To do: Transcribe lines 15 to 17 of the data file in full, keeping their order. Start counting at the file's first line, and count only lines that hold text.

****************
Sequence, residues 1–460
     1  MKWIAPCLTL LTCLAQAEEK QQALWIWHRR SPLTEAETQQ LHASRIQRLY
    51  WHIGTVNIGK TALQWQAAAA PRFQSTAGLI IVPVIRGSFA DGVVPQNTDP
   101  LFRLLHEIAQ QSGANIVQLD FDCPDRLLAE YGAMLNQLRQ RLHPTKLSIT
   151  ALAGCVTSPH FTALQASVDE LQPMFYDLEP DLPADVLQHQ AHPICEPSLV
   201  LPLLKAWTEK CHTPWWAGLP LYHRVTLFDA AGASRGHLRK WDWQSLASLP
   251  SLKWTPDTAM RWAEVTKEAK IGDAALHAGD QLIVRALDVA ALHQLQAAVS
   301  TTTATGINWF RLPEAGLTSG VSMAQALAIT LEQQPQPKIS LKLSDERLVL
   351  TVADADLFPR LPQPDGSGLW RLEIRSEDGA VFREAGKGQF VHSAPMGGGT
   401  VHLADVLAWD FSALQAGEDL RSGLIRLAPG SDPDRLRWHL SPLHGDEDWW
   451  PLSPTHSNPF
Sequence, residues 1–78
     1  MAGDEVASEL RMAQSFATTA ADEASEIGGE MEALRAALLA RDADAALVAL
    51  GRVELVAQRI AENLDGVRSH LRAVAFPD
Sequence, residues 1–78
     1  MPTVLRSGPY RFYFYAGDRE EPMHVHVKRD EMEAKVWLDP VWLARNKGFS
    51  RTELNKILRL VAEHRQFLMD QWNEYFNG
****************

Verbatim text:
Sequence, residues 1–78
     1  MPTVLRSGPY RFYFYAGDRE EPMHVHVKRD EMEAKVWLDP VWLARNKGFS
    51  RTELNKILRL VAEHRQFLMD QWNEYFNG